The heart of family ministry isn’t even family, or ministry. It’s Jesus. Family and ministry are secondary points to the highest, first, and biggest point of it all, Jesus Christ. Jesus is put forth as the highest aim, greatest good, and chief ambition for every member of the family. One of the critiques of family ministry is that it is anti-evangelistic. That’s the farthest from the truth, family ministry sees the entire family as those for whom the Gospel is directed. By putting forth Jesus as the supreme treasure and object of our affections, it says to mom, dad, brothers, sisters, aunts, uncles and everyone else that Jesus is the way, truth and life. Not only that, family ministry stands in contrast to a culture that is anti-family by demonstrating the central nature of the nuclear family as part of God’s design and one of His chief vehicles for the redemption of His image-bearers and declares the goodness of marriage and family.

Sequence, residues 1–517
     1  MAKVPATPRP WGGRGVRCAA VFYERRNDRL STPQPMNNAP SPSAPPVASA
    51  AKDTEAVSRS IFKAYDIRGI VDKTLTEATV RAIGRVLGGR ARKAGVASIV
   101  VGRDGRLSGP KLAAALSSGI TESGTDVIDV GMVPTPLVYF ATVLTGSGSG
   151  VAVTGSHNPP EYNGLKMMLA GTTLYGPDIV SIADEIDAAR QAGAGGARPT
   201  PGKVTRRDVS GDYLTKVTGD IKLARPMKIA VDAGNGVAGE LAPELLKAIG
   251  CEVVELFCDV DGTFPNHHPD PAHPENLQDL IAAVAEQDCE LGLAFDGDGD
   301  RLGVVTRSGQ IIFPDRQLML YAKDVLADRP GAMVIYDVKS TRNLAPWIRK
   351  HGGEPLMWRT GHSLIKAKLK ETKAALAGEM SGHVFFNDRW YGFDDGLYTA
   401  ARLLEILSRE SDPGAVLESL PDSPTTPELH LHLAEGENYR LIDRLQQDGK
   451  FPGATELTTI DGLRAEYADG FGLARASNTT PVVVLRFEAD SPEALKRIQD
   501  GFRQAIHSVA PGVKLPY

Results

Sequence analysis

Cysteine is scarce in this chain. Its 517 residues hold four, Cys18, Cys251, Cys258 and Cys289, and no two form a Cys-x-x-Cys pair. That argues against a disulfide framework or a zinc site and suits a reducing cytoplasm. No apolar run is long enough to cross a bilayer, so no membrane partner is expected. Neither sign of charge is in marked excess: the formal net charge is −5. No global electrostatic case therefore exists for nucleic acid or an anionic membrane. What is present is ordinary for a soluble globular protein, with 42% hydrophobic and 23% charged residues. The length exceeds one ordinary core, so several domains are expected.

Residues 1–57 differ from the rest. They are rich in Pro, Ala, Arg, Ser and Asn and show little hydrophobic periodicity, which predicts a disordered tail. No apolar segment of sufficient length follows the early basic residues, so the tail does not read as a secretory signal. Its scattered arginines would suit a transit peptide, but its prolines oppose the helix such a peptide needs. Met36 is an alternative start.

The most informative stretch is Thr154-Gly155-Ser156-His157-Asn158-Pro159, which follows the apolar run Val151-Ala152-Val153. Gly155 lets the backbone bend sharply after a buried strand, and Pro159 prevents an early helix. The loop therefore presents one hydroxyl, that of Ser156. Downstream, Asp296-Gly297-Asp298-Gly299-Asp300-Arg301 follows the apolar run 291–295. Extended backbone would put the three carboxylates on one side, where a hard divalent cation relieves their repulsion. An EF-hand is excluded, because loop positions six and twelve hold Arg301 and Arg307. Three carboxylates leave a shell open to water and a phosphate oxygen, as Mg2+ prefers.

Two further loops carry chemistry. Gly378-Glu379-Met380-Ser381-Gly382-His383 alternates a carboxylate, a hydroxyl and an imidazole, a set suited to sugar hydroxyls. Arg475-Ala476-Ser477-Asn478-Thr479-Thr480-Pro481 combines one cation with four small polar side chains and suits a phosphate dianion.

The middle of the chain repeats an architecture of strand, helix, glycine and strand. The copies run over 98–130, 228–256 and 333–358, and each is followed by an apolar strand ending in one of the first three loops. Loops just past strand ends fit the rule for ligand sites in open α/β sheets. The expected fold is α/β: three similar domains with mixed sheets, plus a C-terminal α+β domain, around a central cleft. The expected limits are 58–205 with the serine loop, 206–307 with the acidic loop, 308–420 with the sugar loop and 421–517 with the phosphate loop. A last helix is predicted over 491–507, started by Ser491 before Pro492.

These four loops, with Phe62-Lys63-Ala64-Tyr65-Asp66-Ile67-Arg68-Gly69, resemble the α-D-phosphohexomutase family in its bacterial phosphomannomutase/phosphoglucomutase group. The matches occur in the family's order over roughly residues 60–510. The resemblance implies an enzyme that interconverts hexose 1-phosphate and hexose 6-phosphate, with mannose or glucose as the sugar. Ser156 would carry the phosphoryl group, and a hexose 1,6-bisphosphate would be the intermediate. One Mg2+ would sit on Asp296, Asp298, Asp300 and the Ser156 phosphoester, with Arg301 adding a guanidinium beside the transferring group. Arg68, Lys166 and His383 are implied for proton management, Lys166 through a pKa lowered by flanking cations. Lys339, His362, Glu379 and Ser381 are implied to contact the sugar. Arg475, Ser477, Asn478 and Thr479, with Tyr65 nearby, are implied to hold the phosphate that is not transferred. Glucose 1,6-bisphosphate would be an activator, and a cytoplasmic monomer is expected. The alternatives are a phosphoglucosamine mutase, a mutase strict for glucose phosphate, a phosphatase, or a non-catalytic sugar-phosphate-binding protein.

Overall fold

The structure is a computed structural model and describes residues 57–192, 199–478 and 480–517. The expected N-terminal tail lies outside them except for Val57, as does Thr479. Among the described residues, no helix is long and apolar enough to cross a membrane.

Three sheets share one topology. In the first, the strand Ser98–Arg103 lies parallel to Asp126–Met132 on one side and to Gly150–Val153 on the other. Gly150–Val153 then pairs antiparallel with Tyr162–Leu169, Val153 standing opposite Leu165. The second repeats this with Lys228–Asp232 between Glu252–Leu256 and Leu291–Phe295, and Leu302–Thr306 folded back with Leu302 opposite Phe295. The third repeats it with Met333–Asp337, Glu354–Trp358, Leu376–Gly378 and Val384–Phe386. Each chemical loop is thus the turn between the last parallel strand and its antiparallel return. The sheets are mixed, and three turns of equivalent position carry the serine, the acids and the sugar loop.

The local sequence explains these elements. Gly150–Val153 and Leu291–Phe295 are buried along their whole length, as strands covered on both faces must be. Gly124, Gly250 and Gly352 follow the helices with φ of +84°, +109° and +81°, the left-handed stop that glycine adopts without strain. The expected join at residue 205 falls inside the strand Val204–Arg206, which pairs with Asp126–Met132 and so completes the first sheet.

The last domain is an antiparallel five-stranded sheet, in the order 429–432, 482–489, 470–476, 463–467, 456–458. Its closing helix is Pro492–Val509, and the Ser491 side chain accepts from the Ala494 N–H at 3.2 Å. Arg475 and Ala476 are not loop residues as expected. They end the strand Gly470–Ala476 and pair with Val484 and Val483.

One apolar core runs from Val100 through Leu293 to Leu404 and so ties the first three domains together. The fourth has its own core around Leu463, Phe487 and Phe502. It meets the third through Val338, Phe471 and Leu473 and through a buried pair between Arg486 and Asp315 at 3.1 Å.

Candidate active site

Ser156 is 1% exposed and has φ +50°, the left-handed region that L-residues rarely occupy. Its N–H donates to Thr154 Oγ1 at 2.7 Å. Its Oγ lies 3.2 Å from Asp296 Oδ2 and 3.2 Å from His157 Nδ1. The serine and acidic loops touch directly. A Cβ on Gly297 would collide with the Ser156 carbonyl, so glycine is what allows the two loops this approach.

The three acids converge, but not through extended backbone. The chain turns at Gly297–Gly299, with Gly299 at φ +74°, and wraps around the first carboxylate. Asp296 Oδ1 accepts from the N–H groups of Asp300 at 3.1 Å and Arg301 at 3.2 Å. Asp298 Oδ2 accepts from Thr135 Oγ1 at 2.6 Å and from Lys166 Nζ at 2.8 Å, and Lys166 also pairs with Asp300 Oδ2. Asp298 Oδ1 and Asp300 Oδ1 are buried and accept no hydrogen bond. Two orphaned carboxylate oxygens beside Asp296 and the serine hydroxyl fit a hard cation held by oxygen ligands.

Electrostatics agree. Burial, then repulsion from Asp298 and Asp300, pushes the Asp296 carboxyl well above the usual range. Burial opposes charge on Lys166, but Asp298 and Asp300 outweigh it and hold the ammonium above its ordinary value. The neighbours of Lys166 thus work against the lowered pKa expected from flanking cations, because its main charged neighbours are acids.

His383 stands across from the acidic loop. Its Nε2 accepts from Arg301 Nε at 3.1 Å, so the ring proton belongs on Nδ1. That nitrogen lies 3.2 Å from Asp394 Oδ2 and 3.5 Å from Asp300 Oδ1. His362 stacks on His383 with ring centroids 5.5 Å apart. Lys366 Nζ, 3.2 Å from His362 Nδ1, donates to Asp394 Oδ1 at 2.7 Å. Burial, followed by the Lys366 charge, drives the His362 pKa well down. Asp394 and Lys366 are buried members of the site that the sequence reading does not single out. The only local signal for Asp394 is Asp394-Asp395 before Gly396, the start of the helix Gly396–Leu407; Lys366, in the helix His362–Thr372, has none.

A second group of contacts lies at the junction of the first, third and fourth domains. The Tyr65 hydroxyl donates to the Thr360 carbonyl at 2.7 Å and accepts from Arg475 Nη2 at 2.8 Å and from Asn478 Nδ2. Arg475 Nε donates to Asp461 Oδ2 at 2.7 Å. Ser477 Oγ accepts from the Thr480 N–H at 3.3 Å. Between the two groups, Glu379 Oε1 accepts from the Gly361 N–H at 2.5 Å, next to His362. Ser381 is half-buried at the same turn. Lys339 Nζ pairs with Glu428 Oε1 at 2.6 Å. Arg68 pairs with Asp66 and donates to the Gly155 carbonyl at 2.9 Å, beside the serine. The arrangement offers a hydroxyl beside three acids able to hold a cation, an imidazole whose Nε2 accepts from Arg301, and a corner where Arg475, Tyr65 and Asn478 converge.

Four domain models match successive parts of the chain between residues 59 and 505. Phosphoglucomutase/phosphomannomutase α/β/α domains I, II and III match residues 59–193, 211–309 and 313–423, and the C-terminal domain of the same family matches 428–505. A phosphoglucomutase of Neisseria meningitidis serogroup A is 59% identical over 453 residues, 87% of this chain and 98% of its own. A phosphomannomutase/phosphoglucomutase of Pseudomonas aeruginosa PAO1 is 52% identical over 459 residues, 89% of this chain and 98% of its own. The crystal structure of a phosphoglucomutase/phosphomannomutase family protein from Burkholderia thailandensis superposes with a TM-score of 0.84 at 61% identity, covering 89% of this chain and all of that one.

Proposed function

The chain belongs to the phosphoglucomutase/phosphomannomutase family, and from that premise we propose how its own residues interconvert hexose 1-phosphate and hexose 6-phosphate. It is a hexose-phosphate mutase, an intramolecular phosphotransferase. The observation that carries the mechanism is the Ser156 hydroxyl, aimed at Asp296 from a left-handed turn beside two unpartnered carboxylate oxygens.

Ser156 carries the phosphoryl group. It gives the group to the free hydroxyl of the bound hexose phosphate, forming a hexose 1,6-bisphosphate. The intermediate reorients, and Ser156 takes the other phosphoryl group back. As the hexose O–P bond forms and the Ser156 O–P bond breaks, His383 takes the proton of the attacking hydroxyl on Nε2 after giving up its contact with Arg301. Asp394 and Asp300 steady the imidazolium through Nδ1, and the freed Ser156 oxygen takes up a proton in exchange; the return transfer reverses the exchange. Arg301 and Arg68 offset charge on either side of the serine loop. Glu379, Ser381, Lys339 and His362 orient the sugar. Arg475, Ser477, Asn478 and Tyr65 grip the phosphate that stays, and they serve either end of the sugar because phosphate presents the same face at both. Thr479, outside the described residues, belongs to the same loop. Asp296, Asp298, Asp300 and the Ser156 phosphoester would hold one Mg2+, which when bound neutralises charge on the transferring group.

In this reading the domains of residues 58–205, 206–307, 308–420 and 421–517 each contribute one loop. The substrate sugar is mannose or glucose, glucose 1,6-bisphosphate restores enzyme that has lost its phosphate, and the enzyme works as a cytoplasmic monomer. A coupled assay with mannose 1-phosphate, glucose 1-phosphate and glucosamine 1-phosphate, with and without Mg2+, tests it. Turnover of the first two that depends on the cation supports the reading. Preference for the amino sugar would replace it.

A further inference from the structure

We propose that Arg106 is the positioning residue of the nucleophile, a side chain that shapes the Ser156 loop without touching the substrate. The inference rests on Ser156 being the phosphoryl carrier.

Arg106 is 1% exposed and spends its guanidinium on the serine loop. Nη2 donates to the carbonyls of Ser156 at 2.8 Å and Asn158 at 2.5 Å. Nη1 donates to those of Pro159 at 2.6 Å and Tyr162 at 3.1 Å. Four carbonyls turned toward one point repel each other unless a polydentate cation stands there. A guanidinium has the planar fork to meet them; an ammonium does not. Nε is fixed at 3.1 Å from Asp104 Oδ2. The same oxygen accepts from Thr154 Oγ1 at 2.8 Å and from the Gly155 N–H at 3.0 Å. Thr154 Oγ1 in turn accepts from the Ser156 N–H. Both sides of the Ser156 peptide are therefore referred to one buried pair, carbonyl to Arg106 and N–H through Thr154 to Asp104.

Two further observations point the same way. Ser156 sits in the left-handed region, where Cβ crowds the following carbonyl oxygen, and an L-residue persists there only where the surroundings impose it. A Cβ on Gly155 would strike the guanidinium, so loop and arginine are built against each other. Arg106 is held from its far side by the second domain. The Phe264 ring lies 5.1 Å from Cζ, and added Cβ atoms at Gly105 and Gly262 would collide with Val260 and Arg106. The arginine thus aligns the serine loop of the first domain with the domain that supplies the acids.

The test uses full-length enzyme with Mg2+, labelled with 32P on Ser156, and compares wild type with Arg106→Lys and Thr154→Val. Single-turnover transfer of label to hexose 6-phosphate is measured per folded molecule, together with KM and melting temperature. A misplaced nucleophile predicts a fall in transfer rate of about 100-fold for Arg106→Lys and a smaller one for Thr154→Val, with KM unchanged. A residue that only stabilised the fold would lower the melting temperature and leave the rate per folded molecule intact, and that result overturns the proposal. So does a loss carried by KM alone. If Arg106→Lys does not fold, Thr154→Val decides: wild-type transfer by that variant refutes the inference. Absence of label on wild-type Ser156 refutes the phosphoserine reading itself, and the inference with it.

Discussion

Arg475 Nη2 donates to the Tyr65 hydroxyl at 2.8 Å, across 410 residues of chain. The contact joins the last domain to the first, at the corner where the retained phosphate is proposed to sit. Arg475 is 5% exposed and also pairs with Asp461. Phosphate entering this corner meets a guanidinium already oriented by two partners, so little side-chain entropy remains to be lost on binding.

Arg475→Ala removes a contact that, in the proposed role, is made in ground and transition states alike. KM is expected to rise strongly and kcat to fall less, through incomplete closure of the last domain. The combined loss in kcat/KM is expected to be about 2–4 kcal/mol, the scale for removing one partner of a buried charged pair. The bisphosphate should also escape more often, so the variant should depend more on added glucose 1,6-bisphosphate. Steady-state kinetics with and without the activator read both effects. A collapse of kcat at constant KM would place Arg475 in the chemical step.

Family-equipping ministry is measured by lasting disciples rather than attendance campaigns and focuses on the glory of our matchless Savior (John 15:1-15)